Q: What sort of reaction have this album received so far?

A: Beautiful reaction, but not in terms of sales. Yeah, people like it, everybody say they like it. I think they're being honest by what they say and by how they say it.

Q: I don't know, it's a bit 'conservative' sound-wise this album, it's very much the old with some of the new so to speak. As far as production goes, it was more a gradual process and you didn't strive for a particular sound from the early stage, or how did you go about?

A: Not a particular sound, but I work out most of my things for myself. Like for instance, to write a song I will just sing it, right, and then when I've got the song it might take a long time, or it might take a short time, and when I have the song then I give it a bass line, which is what I always do. And then I sing along to the bass line on a lickle tape, just to record it and hear what it sounds like, to like get it to what I want. And I have a bass line with all my songs. And then I should've rehearsed more for this album but we only had a couple of rehearsals, but that was not a problem really, that was good. And they were all musicians who worked together before with someone else. They're people who I go and choose, yunno.

Q: It's good to keep a spontaneous feel too.

A: Right, that's true. Yeah, but at the same time we couldn't afford fe even get no more rehearsal. So we did it in pieces though, you see, it wasn't like a set of musicians get together in the studio like one day and then the next day and then the next day and then the next day, or whenever. We did it like with one-one musician. At first we put on the riddim with all the musicians that were necessary at the time and then gradually work on it over the months. Because money-wise I didn't have the money fe really finish it one time, I had to go back to the studio several times. And I was the producer and the arranger. Because as I say, when you arrange the tune and you know what it's gonna sound like you have the bass line, then anyone can play it. And the rest of the musicians just fit in.

Q: What did you hope to achieve with this album, dreams and hopes?

A: Well, just do what I could do and to see if I could get any help for it, which is what I'm still seekin' to do. But you have to get the right deal, if you can. Otherwise you just go ahead and do what you can yourself. But it's hard on your own.

Q: The following question would be that you actually release a record at a tough time for the industry, I mean it's practically down on its knees right now, so it's sort of like a jeopardy now more than ever...

A: Yeah, beca' nobody buying CD's, them just buying one for three pound or two pound, pirate CD's. And they won't buy it in the shops unless they've heard it a lot on the radio. And certain type of music, like my music in particular now, is not being played on the local community radio here. It might be played on some foreign white station in Ireland or Wales or California which I know, Italy, people have played it and told me about it, sent me requests and sent me lists of what they've played. So I know it get played. But unfortunately it's not the type of album that is popular in the black community.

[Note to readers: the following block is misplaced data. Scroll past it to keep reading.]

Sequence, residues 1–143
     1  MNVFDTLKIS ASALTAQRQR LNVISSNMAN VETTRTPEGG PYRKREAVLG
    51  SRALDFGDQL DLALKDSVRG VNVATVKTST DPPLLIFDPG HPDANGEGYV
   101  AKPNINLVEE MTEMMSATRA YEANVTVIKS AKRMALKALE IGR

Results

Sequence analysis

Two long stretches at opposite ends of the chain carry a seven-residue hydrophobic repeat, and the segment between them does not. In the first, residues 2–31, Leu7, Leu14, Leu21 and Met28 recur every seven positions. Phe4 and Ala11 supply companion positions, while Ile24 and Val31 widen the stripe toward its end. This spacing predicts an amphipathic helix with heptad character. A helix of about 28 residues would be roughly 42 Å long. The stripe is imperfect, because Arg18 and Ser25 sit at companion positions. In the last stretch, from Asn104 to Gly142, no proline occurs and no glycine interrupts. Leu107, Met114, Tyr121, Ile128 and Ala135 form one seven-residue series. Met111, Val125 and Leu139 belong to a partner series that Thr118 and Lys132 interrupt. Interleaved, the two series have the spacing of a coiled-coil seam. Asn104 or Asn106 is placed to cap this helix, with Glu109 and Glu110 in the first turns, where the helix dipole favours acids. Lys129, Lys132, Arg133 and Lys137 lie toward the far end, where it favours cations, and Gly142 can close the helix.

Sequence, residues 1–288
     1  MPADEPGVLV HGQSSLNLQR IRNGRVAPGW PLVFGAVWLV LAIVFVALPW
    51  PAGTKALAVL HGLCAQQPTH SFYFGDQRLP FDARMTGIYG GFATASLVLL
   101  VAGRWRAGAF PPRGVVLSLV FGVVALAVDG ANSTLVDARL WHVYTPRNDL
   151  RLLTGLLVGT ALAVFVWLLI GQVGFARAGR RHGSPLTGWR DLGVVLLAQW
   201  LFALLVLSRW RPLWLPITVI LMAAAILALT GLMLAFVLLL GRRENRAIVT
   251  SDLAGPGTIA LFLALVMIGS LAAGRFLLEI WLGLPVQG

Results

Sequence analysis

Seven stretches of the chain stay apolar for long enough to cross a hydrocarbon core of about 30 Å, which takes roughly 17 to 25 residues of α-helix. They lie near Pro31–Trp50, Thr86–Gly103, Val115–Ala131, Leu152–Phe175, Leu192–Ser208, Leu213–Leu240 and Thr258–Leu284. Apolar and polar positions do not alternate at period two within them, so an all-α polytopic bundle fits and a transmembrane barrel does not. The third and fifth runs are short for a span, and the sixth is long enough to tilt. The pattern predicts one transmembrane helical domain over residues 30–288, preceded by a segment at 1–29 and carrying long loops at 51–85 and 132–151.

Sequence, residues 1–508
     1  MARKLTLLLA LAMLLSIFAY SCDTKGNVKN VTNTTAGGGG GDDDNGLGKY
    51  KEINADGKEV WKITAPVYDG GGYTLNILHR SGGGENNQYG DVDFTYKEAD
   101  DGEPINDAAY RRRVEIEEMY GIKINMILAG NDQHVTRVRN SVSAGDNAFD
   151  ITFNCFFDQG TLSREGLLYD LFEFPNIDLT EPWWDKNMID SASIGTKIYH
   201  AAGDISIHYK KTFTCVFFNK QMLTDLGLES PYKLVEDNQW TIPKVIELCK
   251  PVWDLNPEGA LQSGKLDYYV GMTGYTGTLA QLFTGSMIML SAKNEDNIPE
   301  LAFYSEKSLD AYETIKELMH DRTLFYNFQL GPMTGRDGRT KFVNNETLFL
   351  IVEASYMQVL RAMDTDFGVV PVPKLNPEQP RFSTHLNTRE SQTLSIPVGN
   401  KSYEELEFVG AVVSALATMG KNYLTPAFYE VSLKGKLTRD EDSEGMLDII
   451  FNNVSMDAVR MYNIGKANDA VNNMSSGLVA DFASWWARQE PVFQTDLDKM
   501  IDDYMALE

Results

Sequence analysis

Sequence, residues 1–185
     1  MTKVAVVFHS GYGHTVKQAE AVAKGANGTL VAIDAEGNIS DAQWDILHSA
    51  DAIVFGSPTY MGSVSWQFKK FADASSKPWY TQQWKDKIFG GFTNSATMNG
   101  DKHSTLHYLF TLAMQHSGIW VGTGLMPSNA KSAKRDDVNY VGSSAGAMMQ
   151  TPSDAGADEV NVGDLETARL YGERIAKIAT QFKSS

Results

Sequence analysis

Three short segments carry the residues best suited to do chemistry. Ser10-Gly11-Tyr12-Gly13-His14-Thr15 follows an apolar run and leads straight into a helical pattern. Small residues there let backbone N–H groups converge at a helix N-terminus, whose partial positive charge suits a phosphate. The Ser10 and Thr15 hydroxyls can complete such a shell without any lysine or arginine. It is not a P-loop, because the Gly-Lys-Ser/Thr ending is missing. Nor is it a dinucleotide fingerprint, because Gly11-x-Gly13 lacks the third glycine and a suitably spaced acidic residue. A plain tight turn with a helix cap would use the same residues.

Q: Why is that?

A: Why? Because it's not... I think the first thing is that it got to come from abroad. When you're a new artist and you have to come from Jamaica, when you put out a music in Jamaica, you put out a single first. Unlike what I did was to jus' put out an album. You put out a 45 in Jamaica and if it's well liked then everybody play it, or if you can get it played by paying certain people fe play it, then it might become heard. It will become heard and people would buy it, but you have to have the funds upfront fe get it going. And then you become well known among the DJ's and you can get things done. But even if you're in Jamaica, if I go there now I would have to get in with people who know how it go and what to do fe get your music played. So, that is the first thing. When it's played in Jamaica now it's sent out to the rest of the world. And then it come to England, it come to London and people play it. Because that's what the local people want. You make it with the local riddim, you see, Jamaican musicians currently they know exactly what sound them want. And them pushing forward all the time with challenging beats and so on. So, it's improving, things are pushin' on musically. It's different, beca' they have more emphasis, they play the one drop, they use more kick-drum now in the music. And these lickle things are well-known to everyone in Jamaica, but over here the musicians don't know it so good. So you get a different sound from Jamaica. Probably that's what I have to do, I have to go there and put out my music from there to mek it go abroad. Ca' that seems to be the best way. But you have to get in to the right beat, yunno, what the people are dancing to.